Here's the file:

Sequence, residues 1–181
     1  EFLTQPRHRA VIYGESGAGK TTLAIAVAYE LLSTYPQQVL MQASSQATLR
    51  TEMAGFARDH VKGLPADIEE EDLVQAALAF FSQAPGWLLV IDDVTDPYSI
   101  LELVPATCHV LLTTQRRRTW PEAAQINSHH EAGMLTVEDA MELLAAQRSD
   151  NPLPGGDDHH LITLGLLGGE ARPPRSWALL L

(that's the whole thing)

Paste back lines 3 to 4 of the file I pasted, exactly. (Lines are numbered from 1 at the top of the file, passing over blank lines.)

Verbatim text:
    51  TEMAGFARDH VKGLPADIEE EDLVQAALAF FSQAPGWLLV IDDVTDPYSI
   101  LELVPATCHV LLTTQRRRTW PEAAQINSHH EAGMLTVEDA MELLAAQRSD